Defects and Their Fingerprint in PBF Processes
Causes of Defects
The defects and process errors in PBF can be grouped into four major categories, depending on their root causes (Mani et al. 2017, Everton et al. 2016, Grasso and Colosimo 2017): design and job preparation, feedstock material, equipment and process conditions.
Defects Induced by Feedstock Material
Different defects may affect the metal powder used in PBF, ranging from irregular morphologies to the presence of powder-entrapped porosity, satellited or broken particles, etc.
Dimensional and morphological issues affect the apparent density and flowability of the powder, which have a direct impact on the quality and performance of the final part. In addition, metallic powders may be contaminated by moisture, organics, adsorbed gases, oxides and nitride films on particle surfaces (Das 2003). Such contamination, which may vary and increase along consecutive power reuse cycles, may degrade the mechanical properties and the geometrical accuracy of the consolidated component in PBF processes (Das 2003, Tang et al. 2015, Seyda et al. 2012, Hann 2016).
Equipment-induced defects include various types of flaws and process errors that may originate as a result of improper or degraded performance of critical machine components and sub-systems, for example the beam scanning/deflection apparatus, the build chamber environmental control and the powder handling and deposition equipment. In laser powder bed fusion (L-PBF), deviations from the nominal beam profile properties, together with out-of-calibration laser scanner conditions and imperfections or contamination of lenses and mirrors, may result in parts with inaccurate final dimensions, internal defects and other location effects that reduce the part-to-part reproducibility (Moylan et al. 2014b, Foster et al. 2015, Chapter 8). In electron beam powder bed fusion (EB-PBF), sources of process errors and defects include worn cathodes, inaccurate beam calibration settings and electromagnetic interference. Other defects are related to the control of the chamber environment in both L-PBF and EB-PBF. The flow rate and laminarity of the inert gas in L-PBF are known to have a direct impact on the part quality, including porosity and geometrical accuracy (Ferrar et al. 2012). The oxygen content and the chamber pressure also influence the interaction between the laser and the material, the surface chemical properties of the solidified material and the process by-products that may induce further unstable conditions and powder bed contamination (Spears and Gold 2016).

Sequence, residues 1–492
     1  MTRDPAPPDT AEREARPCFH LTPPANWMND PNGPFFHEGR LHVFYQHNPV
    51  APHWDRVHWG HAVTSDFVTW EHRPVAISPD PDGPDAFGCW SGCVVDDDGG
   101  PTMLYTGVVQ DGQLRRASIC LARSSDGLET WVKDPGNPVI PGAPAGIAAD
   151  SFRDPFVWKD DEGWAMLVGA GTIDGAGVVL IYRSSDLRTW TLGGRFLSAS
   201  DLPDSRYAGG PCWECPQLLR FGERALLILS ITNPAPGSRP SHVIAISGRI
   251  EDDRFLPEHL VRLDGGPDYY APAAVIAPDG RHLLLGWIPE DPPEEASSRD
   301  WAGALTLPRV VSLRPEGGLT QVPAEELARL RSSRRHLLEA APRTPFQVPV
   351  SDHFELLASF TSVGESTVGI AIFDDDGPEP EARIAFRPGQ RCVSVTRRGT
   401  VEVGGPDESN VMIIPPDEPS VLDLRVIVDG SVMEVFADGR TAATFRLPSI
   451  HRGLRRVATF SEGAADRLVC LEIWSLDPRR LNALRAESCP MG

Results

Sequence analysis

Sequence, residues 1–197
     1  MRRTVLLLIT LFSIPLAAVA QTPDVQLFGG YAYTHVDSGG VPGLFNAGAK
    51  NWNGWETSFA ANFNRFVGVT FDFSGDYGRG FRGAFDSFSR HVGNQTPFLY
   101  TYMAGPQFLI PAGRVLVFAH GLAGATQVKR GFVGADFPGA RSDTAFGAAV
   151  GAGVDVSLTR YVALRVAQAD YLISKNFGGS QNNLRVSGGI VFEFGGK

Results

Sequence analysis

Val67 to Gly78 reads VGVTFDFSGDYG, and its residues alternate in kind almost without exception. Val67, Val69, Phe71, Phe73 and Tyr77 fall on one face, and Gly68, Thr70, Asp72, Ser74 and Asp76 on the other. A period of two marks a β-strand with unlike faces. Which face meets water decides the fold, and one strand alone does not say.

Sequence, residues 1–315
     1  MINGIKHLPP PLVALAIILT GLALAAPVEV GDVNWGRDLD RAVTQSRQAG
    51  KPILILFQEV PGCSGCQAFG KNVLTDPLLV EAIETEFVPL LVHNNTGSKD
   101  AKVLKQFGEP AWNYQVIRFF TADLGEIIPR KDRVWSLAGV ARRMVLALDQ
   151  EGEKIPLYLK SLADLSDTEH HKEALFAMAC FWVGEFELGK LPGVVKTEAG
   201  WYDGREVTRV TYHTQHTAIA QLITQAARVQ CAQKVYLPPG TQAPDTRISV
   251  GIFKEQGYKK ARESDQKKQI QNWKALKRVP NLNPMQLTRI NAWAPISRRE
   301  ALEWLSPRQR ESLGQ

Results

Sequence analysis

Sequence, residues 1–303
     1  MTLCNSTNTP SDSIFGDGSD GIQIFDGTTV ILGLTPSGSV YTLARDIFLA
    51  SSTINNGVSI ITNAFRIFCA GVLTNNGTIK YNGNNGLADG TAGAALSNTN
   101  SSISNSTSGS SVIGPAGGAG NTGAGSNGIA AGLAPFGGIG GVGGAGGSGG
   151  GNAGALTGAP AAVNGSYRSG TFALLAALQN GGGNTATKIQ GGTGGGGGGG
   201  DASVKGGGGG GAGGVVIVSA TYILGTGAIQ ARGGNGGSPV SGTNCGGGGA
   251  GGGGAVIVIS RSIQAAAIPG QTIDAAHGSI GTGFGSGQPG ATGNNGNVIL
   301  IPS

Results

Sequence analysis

Another critical part of the equipment that can induce and propagate defects within the build area is the powder handling and deposition system. A worn recoating system (Foster et al. 2015), and the occurrence of impacts between the recoating system and super-elevated edges of the printed parts, may yield an inhomogeneous powder bed and uneven layer thickness with consequent internal, geometrical and surface defects in the part. Although recoating errors are, in most cases, a consequence of other issues and powder bed contamination, the linear motion of the recoating system causes a propagation of defects originated in some area of the layer along the recoating direction. This is particularly critical in industrial processes where several parts are stacked in the same build volume to optimise production time and costs.